Whether it is your honours thesis, your MSc thesis, or your PhD thesis, there are a few tricks and tips in word that may make your life easier. While universities may have templates (or at least should), it is possible that some of the tools you want may not have clear instruction. I hope that this helps you with your thesis writing. Have some suggstions? then reach out. We are always looking to add features that help you.
You want to use headings in your thesis. If you use words heading correctly, then word will know how to make your table of content. Otherwise, you will have to make your table of content by hand and this is neither fun or ideal.
In the Figure above, you will see the styles section of your word document. Below you will see the expanded style bar in word. This is the default styles that word has. Heading 1 is your primary heading (Chapter 1, Chapter 2, Appendix A, Abstract, etc.). Heading 2 is your subheadings (Section 1.1, Section 1.2, Section A.1, etc.). As you can imagine, Heading 3 is for you sub-subheadings (Section 1.1.1, Section 1.1.2, etc.).
The challenge with word headings is that the default may not be what you want it to look like. The blue 16pt font is not for everyone. You can change this. Start by writing out a word and formatting it with the appropriate font, colour, and size. For example, for my Chapter titles, I want 18pt Times New Roman and bold. To do this, I do the following:
Once you have set this, select the word, right click on "Heading 1" in your styles and select "Update Heading 1 to Match Selection" (see Figure Below). Repeat this process for all the headings you are using (i.e., Heading 2, Heading 3, Heading 4, and even Caption for your figure/table captions.
You may want your chapter name to be "Chapter 1 Introduction" and your subheadings to be "1.1 What is a MOF" and your sub-subheading to be "1.1.1 What is a node". To do this, start by defining a new multilevel list (see Figure).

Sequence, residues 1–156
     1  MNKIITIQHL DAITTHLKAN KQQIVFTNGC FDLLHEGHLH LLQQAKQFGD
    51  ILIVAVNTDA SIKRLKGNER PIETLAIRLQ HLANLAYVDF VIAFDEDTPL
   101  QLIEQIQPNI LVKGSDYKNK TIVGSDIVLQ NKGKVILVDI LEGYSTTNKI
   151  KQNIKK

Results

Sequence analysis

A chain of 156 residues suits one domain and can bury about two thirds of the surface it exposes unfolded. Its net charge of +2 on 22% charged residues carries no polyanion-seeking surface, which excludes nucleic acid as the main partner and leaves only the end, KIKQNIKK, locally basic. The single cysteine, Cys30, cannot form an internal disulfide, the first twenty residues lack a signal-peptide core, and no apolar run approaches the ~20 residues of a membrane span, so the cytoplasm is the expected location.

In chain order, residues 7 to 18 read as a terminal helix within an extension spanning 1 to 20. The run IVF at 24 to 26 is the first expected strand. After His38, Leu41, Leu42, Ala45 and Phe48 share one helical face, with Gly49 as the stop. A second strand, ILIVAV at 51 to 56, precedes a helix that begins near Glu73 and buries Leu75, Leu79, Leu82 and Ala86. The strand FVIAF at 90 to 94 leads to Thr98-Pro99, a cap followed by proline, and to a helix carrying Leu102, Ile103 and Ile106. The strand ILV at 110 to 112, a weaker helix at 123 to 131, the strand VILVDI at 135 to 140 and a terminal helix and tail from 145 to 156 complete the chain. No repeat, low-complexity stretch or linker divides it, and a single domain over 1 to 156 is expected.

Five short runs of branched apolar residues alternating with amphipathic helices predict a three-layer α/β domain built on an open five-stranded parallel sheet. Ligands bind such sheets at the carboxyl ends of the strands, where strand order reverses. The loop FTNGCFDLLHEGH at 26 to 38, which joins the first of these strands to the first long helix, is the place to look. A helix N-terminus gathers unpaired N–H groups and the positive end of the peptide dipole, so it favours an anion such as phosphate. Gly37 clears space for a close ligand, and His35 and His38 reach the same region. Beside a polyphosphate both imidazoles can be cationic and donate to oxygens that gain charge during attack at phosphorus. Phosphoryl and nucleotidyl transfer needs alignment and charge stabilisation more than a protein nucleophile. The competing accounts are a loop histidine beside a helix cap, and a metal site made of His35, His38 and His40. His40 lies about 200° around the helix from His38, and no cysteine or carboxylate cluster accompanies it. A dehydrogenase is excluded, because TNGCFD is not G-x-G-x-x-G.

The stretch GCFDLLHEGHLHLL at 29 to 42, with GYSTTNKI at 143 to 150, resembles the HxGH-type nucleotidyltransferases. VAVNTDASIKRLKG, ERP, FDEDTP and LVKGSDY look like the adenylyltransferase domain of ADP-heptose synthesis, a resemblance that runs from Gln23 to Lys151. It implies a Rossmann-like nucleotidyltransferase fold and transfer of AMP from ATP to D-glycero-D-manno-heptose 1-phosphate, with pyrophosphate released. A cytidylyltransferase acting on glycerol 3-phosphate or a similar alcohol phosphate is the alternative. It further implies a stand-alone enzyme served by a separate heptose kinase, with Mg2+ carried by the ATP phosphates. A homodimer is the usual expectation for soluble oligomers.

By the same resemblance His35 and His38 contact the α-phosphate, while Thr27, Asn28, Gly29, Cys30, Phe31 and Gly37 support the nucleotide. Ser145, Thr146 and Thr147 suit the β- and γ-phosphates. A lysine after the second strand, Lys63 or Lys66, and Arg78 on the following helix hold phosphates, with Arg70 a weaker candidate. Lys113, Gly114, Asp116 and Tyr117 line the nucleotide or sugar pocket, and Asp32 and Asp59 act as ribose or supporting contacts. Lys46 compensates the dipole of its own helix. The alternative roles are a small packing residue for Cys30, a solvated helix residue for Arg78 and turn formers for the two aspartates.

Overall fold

You will get a new window (see Figure below) that shows up. In this window, you can define how you want each heading to appear in your thesis. For each list level, you can define the formatting. For example:
You can also change your font, font size, and font attribute for this (select the "Font" Button). I would keep the same font, font size, and font attribute that you use in your heading definition. You can also change your indentation and alignment to fit your requirements (Edit in the Position section at the end). When you are done, you should see a new list (see Figure below).
Now every time you create a heading, you can set the new custom list you created (see Figure below). If your sub-heading are coming out as "Chapter 2", then just click onto the word "Chapter 2" and use the tab to shift from section to sub-section, or shift+tab to shift from sub-section to section.
If you reference and cross-reference your figures and tables, it makes it easier to add new figures/tables in the middle of your document and it makes it easier to create a list of figures and list of tables.
Once you have inserted your figure or made your table, you need to add a caption. Under the "References" tab, you will see the "Insert Caption button". When you click on it, you will see the Caption dialogue box. Here you can select if it's a Figure/Table/Equation, or you can create a "New Label". You can select your numbering style. Once you are happy with your caption you can insert it by clicking "OK". Note that you don't have to type in the caption here. you can just insert "Figure 1" and then add the text afterwards.
If you don't like the default font size/colour/etc for Figure or Table captions, then under the "Home" tab, you can right click on the caption style, and select "Modify". This will bring up the "Modify Style" dialogue. You can now change the formatting style to the style you want, and then select "Automatically update" (if you wish) or click ok and then select the figure caption and then click Caption in the styles tab.
Alternatively, you can format the caption text as you would want, and use the "update Caption to Match Selection" option when you right click on "caption" in the styles sheet. The Figure below demonstrates these options.
Now that you have a Figure/Table caption in your document, you want to insert a reference to it inside the main text. This will help ensure that if you add new Figures/Tables, then you won't accidently point your reader to "Figure 2" when you meant "Figure 3".
In the "References" tab, select cross-reference. This will bring up the "cross-reference" dialogue box. Under reference type, select Figure/Table (or other if you have other types of references) and then select "only label and number" for your "insert reference to:" option. This will ensure that the text will only include the word "Figure 1" and not "Figure 1: an example of a tall building that Superman could leap over." Then click insert and your cross reference is complete.